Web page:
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|Title:||Foliar damage and shoot growth changes resulting from exposure of eastern white pine seedlings to nightly acidic mists|
|Author(s):||Maurice, Charles Gerard|
|Doctoral Committee Chair(s):||Crang, Richard F.E.|
|Department / Program:||Plant Biology|
|Degree Granting Institution:||University of Illinois at Urbana-Champaign|
Agriculture, Plant Pathology
|Abstract:||Eastern white pine is an important coniferous forest species of the northeastern United States where nightly acidic mists may be a factor in the decline of highland forests. During 3 studies, experimental mists were applied nightly in order to simulate nocturnal misty conditions common in the forested highlands along the Appalachian Mountain Chain.
Under conditions of limited nutrient availability, acidic mists can serve as a supplemental source of nutrients and, thus, can enhance foliar growth; however, when nutrient availability is not limited, acidic mists do not affect current-year seedling heights, fascicle lengths, and needle transectional areas.
A direct relationship exists between mist acidity and both the initiation and the magnitude of foliar damage to eastern white pine seedlings, i.e. thresholds for visible foliar damage are 10 to 12 weeks at pH 2.6, 12 to 18 weeks at pH 3.6, and 18 to 24 weeks at pH 4.6 and damage gradients after 24 weeks of treatment consist of no lesions at pH 5.6, spot lesions at pH 4.6, spot and segment lesions at pH 3.6, and necrosis of entire needles at pH 2.6. Initially, foliar damage is localized in the form of tip chlorosis and small, distally-located chlorotic spots. With continued exposure, damage progresses along the needle lengths and inwardly toward the needle axes. Extrusion-bearing eruptions overlying subdermal resin ducts are visible near the foliar lesion centers via scanning electron microscopy.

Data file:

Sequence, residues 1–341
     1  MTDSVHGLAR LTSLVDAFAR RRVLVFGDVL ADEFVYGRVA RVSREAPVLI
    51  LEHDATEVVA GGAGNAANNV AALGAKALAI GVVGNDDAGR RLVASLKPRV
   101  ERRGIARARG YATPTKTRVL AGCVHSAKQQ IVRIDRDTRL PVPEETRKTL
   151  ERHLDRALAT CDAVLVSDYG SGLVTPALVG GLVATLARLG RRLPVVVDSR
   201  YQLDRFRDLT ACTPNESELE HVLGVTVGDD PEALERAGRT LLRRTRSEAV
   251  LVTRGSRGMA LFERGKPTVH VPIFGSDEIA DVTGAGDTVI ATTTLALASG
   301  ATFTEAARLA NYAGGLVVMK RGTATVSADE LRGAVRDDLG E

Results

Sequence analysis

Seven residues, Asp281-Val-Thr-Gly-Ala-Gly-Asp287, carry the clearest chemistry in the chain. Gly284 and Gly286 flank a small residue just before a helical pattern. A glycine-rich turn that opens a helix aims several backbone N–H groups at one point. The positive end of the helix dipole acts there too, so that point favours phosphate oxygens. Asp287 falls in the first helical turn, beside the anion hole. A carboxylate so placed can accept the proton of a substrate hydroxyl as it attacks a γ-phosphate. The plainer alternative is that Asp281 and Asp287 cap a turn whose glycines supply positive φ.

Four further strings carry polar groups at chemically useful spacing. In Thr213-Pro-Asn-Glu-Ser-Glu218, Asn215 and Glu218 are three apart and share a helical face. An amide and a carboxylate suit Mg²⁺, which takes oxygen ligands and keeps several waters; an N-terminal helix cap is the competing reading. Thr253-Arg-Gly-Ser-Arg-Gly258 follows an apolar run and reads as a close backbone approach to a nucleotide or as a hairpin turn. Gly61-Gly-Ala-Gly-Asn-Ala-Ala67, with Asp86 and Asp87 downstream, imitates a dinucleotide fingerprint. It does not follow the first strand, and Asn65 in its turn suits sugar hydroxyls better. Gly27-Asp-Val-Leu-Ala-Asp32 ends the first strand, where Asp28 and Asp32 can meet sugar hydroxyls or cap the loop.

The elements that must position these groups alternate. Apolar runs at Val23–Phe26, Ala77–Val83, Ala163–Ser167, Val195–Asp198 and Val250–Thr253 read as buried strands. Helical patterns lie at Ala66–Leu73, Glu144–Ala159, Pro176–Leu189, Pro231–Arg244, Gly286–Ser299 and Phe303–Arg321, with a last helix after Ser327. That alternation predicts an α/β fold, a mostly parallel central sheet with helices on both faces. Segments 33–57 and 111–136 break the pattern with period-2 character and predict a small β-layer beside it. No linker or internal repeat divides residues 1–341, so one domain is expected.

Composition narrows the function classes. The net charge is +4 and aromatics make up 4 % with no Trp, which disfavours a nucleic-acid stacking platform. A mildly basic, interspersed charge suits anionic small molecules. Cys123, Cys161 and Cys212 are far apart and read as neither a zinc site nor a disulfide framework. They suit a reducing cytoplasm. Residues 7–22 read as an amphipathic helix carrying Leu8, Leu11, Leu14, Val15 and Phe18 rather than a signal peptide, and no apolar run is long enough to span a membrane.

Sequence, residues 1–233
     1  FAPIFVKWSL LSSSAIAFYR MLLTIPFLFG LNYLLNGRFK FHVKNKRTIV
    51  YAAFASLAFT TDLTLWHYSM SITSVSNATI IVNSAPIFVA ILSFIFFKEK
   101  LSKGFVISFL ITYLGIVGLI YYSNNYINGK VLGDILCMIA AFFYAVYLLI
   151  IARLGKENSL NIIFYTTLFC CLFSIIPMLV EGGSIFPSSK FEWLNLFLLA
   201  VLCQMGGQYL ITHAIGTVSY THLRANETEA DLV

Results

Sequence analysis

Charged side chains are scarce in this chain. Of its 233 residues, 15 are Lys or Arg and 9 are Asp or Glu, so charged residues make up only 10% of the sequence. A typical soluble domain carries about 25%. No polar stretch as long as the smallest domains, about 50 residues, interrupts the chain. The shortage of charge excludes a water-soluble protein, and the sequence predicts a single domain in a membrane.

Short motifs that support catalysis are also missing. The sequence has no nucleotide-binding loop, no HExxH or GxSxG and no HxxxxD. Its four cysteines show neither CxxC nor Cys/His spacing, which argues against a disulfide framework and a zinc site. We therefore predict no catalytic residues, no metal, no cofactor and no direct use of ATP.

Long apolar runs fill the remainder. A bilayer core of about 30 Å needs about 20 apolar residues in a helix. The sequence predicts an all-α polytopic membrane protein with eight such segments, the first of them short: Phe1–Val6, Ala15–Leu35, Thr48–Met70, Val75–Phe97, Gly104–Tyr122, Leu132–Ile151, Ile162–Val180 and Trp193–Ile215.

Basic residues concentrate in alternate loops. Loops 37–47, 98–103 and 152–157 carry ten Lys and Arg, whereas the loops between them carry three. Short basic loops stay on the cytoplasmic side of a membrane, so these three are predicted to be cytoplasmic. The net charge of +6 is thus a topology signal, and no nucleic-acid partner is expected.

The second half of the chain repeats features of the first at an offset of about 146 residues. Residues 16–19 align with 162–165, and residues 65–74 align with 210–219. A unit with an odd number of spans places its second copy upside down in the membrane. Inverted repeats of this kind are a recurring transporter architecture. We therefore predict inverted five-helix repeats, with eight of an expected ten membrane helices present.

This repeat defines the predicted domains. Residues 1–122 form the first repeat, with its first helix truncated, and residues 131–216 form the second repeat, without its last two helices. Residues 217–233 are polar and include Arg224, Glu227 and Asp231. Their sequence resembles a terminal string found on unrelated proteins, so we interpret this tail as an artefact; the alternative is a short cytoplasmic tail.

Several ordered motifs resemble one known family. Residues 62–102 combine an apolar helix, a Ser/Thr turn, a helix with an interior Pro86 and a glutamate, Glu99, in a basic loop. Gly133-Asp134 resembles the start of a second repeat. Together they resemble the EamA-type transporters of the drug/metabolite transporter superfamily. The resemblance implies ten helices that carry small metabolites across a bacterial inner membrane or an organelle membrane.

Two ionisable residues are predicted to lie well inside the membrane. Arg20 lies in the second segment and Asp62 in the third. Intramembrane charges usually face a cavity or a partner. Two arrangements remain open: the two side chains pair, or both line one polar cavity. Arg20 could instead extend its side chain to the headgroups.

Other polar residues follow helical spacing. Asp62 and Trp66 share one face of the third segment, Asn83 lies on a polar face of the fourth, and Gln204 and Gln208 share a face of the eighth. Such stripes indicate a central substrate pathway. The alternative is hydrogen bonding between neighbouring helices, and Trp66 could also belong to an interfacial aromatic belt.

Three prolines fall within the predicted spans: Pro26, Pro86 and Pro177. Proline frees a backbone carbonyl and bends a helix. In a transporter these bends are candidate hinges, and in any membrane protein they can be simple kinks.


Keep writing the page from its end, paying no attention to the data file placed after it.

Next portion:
Internally, the foliar lesions are characterized by the presence of extracellular exudate which through cytochemical analysis has been found to contain protein and complex polysaccharides and which is believed to originate from damaged plicate mesophyll cells. Damaged plicate mesophyll cells possess an increased starch presence in their chloroplasts, as well as an initial increase and subsequent marked decrease in cellular lipid content. Some of the ultrastructural features observed in the plicate mesophyll cells are similar to those observed by other authors working with sulfur-damaged conifer needles (i.e. few thylakoids per granum, more and less dense plastoglobuli, rounded chloroplasts, and cytoplasmic lipid-like inclusions) indicating that sulfate contained in the acidic mist is probably at least partially responsible for the foliar damage.
|Rights Information:||Copyright 1989 Maurice, Charles Gerard|
|Date Available in IDEALS:||2011-05-07|
|Identifier in Online Catalog:||AAI8924893|